Expert Commentary

Undocumented migration to the United States and the wages of Mexican immigrants

A 2014 study from Princeton University published in International Migration Review on the impact of a change in the proportion of undocumented immigrants on immigrant wages.

After years of Congressional deadlock, in November 2014 President Obama announced a series of executive actions on immigration reform. While not creating a path to citizenship, they could protect up to 5 million immigrants from deportation and provide the ability for many to work. Given the wide range of attitudes that U.S. citizens have toward immigrants, reactions in the media and public discourse have been sharply divided.

Research on the potential impact of these changes suggests a variety of effects: Many formerly undocumented workers could get a wage boost as they move from up the employment ladder — good for them, less good for employers who have depended on a steady supply of low-cost labor. It could also serve to slow or reverse the declining rate of economic assimilation of U.S. immigrants that began in 1980. A 2014 study in the Journal of Population Economics, “Empirical Characteristics of Legal and Illegal Immigrants in the USA,” finds that those who are undocumented are more likely to be less educated, male and lower paid, and that older immigrants and those who are more educated are more likely to be legal. However, for immigrants coming from Mexico, the more educated they are, the more likely they are to be undocumented in the United States. Further, illegal immigrants suffer what economists call a large “wage penalty” at all education levels.

A 2014 study in International Migration Review, “Undocumented Migration to the United States and the Wages of Mexican Immigrants,” examines the impact of a change in the proportion of undocumented immigrants on immigrant wages and provides data on this increasingly struggling underclass in America. The researchers, Douglas Massey and Kerstin Gentsch of Princeton University, use newly available data to examine the evolution of immigrant wages from 1990 to 2009. Also part of the analysis is the period before and after the enactment of the Immigration Reform and Control Act of 1986 (IRCA), which had a significant impact on employer hiring decisions: “Before 1986 it was perfectly legal to hire an undocumented worker into a U.S. job,” the researchers write. “Afterward employers faced civil penalties and fines for ‘knowingly’ hiring undocumented migrants and possible jail time for repeated offenses.”

The researchers’ central hypothesis is that “a rising share of undocumented workers competing in U.S. labor markets generally works to lower the wages of Mexican immigrants, who increasingly lack documents and labor rights in the U.S. and are thus uniquely vulnerable and exploitable.” The IRCA had the effect of making the hiring of a significant percentage of the U.S. residents of Mexican origin illegal. The 2014 executive actions will have the opposite effect, and one primarily felt by undocumented immigrants from Mexico: According to a Pew Research Center report, they constitute approximately two-thirds of those who will be eligible for deportation relief.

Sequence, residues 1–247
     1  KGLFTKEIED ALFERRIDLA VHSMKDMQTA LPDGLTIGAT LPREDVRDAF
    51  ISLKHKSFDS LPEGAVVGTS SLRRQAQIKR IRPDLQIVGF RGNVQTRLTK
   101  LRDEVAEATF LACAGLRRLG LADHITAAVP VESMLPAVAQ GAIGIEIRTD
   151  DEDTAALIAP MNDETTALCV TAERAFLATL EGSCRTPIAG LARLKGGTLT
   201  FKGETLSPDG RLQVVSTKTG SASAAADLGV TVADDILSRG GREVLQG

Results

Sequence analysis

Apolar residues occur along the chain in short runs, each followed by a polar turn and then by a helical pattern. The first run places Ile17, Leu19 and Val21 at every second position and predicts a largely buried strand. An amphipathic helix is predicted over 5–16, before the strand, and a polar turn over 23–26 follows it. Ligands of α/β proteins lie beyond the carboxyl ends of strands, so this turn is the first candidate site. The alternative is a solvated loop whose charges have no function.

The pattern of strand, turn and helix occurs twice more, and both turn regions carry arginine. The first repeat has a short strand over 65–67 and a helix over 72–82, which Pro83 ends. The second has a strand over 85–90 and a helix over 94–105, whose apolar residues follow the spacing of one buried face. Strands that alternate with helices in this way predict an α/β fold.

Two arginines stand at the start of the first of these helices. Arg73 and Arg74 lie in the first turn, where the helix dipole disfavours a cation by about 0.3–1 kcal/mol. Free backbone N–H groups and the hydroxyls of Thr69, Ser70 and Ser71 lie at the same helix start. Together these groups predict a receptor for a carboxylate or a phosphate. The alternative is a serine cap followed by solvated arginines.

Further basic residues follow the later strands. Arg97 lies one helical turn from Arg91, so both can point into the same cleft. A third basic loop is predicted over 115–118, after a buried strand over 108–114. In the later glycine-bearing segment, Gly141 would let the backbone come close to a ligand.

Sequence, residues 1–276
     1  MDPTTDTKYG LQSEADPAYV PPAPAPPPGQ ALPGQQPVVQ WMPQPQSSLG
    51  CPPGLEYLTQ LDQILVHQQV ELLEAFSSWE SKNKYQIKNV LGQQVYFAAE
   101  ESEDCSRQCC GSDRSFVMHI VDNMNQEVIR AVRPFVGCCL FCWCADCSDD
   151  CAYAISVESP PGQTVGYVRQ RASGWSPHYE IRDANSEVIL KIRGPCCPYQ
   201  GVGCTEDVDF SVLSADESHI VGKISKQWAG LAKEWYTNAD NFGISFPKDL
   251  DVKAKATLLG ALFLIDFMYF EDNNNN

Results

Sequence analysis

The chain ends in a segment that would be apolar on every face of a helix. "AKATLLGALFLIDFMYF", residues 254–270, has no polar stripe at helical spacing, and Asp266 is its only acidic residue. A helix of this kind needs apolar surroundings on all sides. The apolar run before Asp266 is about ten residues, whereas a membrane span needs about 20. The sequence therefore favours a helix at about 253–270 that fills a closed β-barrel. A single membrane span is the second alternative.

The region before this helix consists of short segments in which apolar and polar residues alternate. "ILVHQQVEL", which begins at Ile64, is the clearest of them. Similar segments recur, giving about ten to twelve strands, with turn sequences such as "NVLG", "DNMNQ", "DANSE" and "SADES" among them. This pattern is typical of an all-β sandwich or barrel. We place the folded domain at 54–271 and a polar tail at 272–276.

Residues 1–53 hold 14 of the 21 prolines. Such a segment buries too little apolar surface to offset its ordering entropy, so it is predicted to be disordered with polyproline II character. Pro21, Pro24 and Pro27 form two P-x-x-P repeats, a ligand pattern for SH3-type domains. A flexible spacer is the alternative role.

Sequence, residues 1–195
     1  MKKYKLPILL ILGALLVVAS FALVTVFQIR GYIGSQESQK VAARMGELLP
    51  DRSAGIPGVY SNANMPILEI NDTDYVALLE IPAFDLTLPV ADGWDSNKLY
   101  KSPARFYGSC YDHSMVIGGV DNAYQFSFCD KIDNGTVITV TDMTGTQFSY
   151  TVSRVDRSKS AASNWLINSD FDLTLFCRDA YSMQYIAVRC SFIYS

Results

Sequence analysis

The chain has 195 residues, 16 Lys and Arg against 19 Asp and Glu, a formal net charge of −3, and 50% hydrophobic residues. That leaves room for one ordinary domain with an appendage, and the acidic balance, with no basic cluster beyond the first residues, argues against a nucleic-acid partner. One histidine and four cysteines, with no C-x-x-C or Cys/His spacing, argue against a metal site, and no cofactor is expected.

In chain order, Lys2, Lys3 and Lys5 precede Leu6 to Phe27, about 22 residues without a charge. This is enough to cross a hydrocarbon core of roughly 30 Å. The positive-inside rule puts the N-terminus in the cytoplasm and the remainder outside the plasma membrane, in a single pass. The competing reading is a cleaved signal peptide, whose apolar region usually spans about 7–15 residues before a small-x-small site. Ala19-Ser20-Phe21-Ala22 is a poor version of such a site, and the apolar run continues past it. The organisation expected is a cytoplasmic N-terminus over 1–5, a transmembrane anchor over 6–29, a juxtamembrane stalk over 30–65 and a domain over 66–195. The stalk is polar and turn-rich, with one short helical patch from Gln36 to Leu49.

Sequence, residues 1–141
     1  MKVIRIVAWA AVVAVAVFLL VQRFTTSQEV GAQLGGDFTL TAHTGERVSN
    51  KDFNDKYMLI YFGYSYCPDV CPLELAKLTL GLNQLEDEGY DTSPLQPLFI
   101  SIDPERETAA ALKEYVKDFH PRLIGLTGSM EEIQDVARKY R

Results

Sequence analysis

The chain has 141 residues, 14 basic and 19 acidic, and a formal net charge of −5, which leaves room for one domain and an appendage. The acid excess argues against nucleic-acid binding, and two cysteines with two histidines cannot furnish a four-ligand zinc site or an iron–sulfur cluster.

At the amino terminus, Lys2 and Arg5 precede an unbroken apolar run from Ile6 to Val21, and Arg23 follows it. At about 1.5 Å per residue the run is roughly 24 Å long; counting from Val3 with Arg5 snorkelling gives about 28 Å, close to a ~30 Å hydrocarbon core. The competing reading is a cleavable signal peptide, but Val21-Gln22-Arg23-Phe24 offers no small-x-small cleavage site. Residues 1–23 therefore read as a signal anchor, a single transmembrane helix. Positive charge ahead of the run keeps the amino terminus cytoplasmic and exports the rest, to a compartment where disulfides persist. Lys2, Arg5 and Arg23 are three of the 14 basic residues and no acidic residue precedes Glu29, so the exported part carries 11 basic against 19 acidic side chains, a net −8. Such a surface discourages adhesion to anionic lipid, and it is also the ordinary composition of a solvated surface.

The Princeton study’s key findings include:

  • “Wages of both native and foreign-born Mexicans steadily rose in parallel from 1950 to 1970,” but started to diverge after 1970. This occurred despite the increasing skill levels of Mexican immigrants, as indicated by their level of education and other factors. While Mexican-Americans earned 11% more than foreign-born Mexicans in 1970, the differential was 62% in 2000 and 78% by 2007.
  • On average, undocumented migrants earned approximately 20% less than legal immigrants and 13% less than legal temporary workers.
  • As the share of undocumented Mexicans rises, wages tend to decline sharply — for every point of increase in the percentage of undocumented workers, real earnings fall by 2.1%. “The sharp decline in wages in the years leading up to IRCA seems to stem from the rising share of illegal migrants competing in U.S. labor markets, not from shifts in individual qualities or characteristics, including individual legal status,” the researchers conclude.
  • Moreover, “controlling for the share of undocumented migrants eliminates the downward trend in wages from 1970 through 1986 and accentuates the negative wage gap observed thereafter, especially in the late 1990s, when wages for virtually everyone else in the U.S. were rising in response to tight labor markets and strong surges in labor demand.”
  • Deeper analysis of the data reveals that the IRCA’s having been enacted was a key factor: “The average real wage fell from $11.45 during the pre-IRCA period to $8.94 in the post-IRCA era, and the highly significant negative interaction coefficient indicates that something clearly happened after 1986 to push the wages of Mexican immigrants systematically downward. The obvious candidate for this exogenous ‘something’ is IRCA’s sudden criminalization of undocumented hiring.”

“In sum, the net effect of U.S. immigration and border policies enacted during the period from 1985 to 2010 was to increase the vulnerability and undercut bargaining power at the low end of the U.S. labor force, most notably in sectors dominated by immigrant workers,” the researchers conclude. The policy changes “imposed a new ‘tax’ on the hiring of workers in sectors of the economy characterized by significant undocumented employment, which employers extracted from their workers in the form of lower wages.”

Keywords: immigration reform, Hispanic, Latino, wages, executive actions, election issues

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